Re: participation in decision making
From: R Philip Dowds (
Date: Thu, 8 Jan 2015 05:45:31 -0800 (PST)
As an architect living in cohousing, I will insist cohousing is not really 
about the architecture.  While design, construction, and property maintenance 
always will use up a lot of time and money, this is true for your grandfather’s 
condominium as well.  Cohousing is about culture and lifestyle, not about real 
estate.  Unless you are living in a cohousing mausoleum or historic theme park, 
this culture will be in a constant state of evolution, and will always require 
collaborative decision-making about important matters.

I think that was Sharon’s point, as well as Diana’s.


> On Jan 8, 2015, at 8:10 AM, Fred-List manager <fholson [at]> 
> wrote:
> Diana Leafe Christian <diana.leafe.christian [at]>
> is the author of the message below.  It was posted by
> Fred, the Cohousing-L list manager <fholson [at]>
> after restoring subject line (from 'digest') and fixing date.
> Digest subscribers, please delete most of quoted digest and
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> --------------------  FORWARDED MESSAGE FOLLOWS --------------------
> Hello,
> Responding to Liz Ryan Cole, who on Jan 6 wrote:
>> Many cohousers though want to be part of the planning and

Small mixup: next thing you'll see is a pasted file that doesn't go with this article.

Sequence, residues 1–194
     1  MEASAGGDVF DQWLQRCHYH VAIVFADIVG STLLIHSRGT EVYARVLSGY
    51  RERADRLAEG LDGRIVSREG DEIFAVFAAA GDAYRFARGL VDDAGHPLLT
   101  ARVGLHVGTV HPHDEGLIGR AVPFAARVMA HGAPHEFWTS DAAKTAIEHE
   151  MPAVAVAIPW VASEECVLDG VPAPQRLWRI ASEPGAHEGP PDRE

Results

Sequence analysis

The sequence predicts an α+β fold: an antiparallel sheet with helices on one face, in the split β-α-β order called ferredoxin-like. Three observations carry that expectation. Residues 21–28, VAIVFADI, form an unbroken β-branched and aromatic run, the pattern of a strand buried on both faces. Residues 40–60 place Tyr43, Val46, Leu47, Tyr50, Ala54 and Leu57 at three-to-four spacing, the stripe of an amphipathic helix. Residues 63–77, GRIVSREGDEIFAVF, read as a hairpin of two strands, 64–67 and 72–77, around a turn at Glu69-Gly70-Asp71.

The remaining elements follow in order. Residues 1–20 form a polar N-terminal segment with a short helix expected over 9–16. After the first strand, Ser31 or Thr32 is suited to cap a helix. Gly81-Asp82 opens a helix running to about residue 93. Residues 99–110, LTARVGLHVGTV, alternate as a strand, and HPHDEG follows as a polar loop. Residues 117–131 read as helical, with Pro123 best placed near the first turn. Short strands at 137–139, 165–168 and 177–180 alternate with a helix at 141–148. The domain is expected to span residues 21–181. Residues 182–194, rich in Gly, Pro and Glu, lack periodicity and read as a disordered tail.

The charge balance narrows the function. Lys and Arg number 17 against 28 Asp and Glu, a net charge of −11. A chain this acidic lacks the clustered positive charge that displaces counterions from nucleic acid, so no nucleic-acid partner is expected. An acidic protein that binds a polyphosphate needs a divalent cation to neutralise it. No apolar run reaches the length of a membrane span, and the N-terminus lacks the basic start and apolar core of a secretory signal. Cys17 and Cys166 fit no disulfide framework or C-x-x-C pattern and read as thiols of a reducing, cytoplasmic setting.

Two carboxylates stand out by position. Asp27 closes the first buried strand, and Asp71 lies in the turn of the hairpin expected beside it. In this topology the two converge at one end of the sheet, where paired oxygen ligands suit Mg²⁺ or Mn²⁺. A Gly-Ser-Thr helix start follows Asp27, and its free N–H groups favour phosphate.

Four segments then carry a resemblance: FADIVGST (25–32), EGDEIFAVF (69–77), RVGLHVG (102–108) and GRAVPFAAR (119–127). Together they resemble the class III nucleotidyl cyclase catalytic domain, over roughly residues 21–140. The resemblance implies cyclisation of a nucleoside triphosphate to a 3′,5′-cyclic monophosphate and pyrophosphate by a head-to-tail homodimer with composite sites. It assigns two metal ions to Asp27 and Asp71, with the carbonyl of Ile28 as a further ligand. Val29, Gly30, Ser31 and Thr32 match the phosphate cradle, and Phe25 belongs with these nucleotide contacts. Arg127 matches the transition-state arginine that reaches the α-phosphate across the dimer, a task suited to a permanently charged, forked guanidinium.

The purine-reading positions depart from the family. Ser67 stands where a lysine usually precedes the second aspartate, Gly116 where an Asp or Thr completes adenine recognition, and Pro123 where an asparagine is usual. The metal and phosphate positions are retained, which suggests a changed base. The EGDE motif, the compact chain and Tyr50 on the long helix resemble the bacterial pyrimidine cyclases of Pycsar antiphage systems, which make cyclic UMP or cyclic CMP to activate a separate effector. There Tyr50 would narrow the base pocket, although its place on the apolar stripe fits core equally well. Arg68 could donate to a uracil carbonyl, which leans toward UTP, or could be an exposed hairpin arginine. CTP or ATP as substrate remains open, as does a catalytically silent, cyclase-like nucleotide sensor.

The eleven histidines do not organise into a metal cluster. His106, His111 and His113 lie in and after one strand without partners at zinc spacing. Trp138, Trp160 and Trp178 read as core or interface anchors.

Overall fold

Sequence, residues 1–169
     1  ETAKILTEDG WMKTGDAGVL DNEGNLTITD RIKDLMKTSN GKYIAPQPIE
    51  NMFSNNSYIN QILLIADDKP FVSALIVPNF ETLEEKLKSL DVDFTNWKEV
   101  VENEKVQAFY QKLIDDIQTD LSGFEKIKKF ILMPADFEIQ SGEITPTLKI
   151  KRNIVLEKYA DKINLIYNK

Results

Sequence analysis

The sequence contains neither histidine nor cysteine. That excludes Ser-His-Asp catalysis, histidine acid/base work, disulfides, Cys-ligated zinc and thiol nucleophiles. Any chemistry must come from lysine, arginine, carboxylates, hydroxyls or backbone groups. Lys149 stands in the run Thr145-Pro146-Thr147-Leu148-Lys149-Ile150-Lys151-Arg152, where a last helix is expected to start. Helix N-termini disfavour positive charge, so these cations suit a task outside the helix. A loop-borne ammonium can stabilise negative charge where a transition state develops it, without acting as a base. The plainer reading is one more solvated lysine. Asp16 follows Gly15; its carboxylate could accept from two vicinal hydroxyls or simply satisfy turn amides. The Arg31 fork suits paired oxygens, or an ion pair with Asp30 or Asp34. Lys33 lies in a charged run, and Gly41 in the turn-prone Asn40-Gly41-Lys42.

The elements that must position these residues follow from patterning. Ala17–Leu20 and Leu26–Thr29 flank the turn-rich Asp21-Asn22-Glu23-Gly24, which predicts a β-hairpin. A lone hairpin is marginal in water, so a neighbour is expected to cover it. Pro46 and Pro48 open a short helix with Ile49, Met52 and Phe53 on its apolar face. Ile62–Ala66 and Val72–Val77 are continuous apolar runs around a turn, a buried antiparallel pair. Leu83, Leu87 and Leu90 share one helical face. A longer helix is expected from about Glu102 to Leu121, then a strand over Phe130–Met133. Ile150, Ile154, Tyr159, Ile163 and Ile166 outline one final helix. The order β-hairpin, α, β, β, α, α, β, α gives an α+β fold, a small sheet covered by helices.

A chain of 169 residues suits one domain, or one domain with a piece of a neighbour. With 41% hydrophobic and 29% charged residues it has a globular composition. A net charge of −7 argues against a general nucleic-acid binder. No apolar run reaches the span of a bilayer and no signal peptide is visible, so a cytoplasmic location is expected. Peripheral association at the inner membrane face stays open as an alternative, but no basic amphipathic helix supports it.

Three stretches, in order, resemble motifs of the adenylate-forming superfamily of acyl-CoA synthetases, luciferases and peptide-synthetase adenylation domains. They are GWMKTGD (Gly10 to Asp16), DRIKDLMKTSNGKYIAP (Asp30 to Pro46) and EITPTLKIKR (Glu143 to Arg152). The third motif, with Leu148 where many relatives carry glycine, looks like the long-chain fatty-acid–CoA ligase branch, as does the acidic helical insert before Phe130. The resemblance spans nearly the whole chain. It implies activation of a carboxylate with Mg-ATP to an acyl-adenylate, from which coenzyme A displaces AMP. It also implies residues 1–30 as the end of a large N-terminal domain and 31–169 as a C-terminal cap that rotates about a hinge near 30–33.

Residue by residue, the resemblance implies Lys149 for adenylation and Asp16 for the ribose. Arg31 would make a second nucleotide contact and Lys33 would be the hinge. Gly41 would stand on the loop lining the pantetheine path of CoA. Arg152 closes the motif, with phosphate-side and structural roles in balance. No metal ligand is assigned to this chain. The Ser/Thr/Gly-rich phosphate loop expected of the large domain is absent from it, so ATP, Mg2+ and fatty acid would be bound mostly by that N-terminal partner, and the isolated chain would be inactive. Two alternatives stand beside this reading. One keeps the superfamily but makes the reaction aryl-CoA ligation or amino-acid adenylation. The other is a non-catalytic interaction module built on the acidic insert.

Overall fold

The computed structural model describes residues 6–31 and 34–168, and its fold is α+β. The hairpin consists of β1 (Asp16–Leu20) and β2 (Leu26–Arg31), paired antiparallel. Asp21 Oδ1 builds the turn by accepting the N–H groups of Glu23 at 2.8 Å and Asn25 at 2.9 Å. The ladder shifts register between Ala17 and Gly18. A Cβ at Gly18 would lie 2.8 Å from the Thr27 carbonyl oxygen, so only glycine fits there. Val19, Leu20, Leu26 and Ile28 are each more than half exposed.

>> decision-making. That basic participation is one of the six key
>> characteristics of a cohousing community.
>> I am wondering how existing communities deal with bringing in new
>> people who can't possibly participate in decision making design of an
>> already built community.  Isn't the important participation in the
>> life of the community?
> In my experience, this key characteristic of the six characteristics
> described by Chuck and Katie applies to newly forming cohousing core
> groups before and during the time when the site plan, Common House,
> and housing units are being designed, but not afterwards. And it
> doesn't seem to matter, re the appeal of living in cohousing.
> Several years ago a resident of Two Acre Wood cohousing, the late
> architect Michael Black, observed that in cohousing in the US, by the
> time of move-in, 80% of the residents had not been there when the core
> group and architect designed the community -- they had not
> participated in the design at all but they still wanted cohousing. In
> other words, one fifth of the residents in new cohousing communities
> help design their community, and four fifths do not. So Michael and a
> developer friend developed Yulupa Cohousing in Santa Rosa, in which
> Michael designed the architecture without any group input, and he and
> the developer presented it to potential buyers. Those who liked the
> design and wanted to live there bought in; and those who didn't want
> to for any reason (such as not liking the design), didn't. By the time
> it was finished and he the other residents lived at Yulupa Cohousing
> they all liked the design just fine, or they wouldn't have bought in.
> (It has quite an usual design, if you've ever visited or seen photos,
> and is not to everyone's taste, though I personally love it.) Anyway,
> being able to help design their community hadn't seemed to be a factor
> in people's decision to move there. And, like other cohousing
> communities (and every other kind of intentional community I know of),
> over the years there were still plenty of other issues to decide on
> together, and they did.
> Diana
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